Investigating and Prosecuting Across Borders
This book explores how the globalization of securities markets has affected market manipulation and insider trading. It delves into the responses of securities regulators, discussing new regulations designed to deter such misconduct, as well as they ways in which detection, investigation and prosecution techniques are adapting to tackle insider trading and market manipulation that crosses international boundaries.
The Pre-pack Approach in Corporate Rescue
Comparative Insolvency Law argues that the most important development in contemporary insolvency law and practice is the shift towards a rescue culture rather than full creditor satisfaction. This book is the first to specifically examine the rise of the pre-pack approach, which permits debtor companies to formulate a clear pre-arranged exit before entering into formal insolvency proceedings.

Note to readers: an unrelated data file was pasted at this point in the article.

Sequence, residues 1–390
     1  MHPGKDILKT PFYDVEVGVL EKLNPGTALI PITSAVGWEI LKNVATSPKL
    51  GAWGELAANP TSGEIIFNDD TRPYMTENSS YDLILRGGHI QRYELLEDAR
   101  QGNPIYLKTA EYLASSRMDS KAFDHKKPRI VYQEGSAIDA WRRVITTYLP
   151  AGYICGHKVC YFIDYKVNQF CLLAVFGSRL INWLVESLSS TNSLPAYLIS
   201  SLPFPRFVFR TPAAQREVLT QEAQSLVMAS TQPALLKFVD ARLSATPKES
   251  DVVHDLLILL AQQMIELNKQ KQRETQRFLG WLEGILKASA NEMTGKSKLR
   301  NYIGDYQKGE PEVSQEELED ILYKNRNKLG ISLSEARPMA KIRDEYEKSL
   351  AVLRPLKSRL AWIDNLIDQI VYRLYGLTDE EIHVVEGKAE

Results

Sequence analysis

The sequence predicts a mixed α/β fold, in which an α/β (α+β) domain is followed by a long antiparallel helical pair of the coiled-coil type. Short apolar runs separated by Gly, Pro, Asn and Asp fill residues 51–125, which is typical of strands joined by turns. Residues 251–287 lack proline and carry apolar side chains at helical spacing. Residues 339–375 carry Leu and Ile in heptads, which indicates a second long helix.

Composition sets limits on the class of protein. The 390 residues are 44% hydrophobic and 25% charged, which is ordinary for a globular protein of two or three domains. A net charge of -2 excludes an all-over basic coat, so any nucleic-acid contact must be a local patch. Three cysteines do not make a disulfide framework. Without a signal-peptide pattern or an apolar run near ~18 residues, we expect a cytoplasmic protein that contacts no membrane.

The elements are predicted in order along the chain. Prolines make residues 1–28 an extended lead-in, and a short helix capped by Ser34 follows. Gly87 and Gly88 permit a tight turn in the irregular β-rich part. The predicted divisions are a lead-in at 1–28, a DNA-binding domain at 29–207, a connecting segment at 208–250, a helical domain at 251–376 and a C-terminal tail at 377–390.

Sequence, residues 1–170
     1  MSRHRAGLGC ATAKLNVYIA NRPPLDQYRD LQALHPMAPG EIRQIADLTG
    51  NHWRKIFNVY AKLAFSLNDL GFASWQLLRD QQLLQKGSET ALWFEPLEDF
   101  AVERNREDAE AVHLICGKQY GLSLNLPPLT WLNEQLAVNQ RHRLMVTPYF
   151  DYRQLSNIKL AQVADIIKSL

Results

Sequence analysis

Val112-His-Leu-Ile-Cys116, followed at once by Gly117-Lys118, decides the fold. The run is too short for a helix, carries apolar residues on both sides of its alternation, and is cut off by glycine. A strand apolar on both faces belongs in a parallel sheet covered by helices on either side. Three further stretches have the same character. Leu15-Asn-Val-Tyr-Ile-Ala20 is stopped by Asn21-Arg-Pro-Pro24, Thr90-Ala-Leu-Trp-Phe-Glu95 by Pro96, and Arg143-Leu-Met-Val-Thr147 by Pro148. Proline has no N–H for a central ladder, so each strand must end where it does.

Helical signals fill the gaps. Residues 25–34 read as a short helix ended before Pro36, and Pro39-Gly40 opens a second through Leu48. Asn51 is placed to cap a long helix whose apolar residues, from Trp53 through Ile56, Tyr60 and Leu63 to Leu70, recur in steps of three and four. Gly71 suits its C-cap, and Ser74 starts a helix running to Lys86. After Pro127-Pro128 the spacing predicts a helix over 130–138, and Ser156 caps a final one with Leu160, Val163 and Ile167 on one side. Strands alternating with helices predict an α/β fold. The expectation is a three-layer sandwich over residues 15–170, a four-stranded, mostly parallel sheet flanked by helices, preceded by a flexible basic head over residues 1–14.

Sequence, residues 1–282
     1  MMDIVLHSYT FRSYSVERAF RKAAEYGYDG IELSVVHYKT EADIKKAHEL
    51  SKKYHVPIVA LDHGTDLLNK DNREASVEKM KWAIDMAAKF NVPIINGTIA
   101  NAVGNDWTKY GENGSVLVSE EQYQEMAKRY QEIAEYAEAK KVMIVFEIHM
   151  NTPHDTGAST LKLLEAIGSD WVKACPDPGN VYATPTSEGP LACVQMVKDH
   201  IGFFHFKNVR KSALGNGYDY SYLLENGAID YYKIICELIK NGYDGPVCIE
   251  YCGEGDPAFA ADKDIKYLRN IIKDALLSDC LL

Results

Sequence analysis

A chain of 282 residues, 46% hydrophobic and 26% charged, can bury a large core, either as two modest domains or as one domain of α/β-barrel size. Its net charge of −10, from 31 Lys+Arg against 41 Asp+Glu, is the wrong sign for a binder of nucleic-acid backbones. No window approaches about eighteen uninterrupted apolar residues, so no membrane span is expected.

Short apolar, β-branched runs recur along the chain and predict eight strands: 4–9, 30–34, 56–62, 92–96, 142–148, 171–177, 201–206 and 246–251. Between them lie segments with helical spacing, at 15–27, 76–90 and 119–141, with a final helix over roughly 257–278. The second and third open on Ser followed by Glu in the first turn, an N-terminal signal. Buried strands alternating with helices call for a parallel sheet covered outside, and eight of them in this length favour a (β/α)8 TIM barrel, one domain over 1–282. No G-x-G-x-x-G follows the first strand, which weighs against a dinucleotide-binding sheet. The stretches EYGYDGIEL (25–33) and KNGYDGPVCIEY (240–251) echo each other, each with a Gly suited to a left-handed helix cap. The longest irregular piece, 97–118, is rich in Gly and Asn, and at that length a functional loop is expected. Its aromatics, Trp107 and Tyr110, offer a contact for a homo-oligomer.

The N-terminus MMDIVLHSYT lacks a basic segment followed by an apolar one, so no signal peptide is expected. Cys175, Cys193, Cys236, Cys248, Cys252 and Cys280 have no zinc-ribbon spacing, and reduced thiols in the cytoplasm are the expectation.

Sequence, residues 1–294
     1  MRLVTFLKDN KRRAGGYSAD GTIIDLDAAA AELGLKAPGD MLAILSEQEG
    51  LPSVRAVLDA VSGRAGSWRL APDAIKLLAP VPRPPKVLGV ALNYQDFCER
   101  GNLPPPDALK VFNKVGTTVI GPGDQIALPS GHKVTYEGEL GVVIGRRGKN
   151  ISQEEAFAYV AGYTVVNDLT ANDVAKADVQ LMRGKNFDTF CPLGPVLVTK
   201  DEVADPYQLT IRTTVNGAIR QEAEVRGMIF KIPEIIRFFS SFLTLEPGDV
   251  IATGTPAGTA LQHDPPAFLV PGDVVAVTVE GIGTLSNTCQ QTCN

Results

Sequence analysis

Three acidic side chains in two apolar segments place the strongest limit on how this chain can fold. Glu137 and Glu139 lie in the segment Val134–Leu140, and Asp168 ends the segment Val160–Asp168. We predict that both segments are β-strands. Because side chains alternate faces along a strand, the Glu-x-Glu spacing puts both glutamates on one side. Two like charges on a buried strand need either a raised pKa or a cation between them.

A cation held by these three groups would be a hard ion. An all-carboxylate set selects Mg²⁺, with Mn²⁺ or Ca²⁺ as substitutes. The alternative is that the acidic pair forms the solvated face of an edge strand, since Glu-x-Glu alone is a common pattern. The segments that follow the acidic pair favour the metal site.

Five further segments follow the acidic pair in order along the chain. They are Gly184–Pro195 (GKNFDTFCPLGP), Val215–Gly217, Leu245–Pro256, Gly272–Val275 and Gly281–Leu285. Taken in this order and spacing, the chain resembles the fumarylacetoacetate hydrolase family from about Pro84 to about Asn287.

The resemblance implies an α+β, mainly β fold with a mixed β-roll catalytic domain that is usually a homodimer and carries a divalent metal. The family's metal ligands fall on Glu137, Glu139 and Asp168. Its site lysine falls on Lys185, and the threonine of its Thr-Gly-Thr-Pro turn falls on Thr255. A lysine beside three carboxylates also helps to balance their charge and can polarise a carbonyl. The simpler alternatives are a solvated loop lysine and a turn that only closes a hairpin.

Claire A. Hill and Brett H. McDonnell
Scholarly analysis of corporate law in the United States has come to be dominated by an economic approach. Professor Hill and Professor McDonnell here discuss seminal articles which represent major milestones along the road that economics has traveled in coming to play this central role in corporate law scholarship. The focus is on the analysis of corporate law, drawing mainly upon legal scholarship and particularly on US scholarship, which is the originator of the application of modern economic analysis to corporate law and has had much influence in other countries. Beginning with several of the key works on the economics of the firm which have most heavily influenced legal scholarship, the review explores the central legal role of the board of directors and state competition for corporate charters. It further considers the role of hostile takeovers and board defenses against them and the effectiveness of shareholder suits and other agency mechanisms.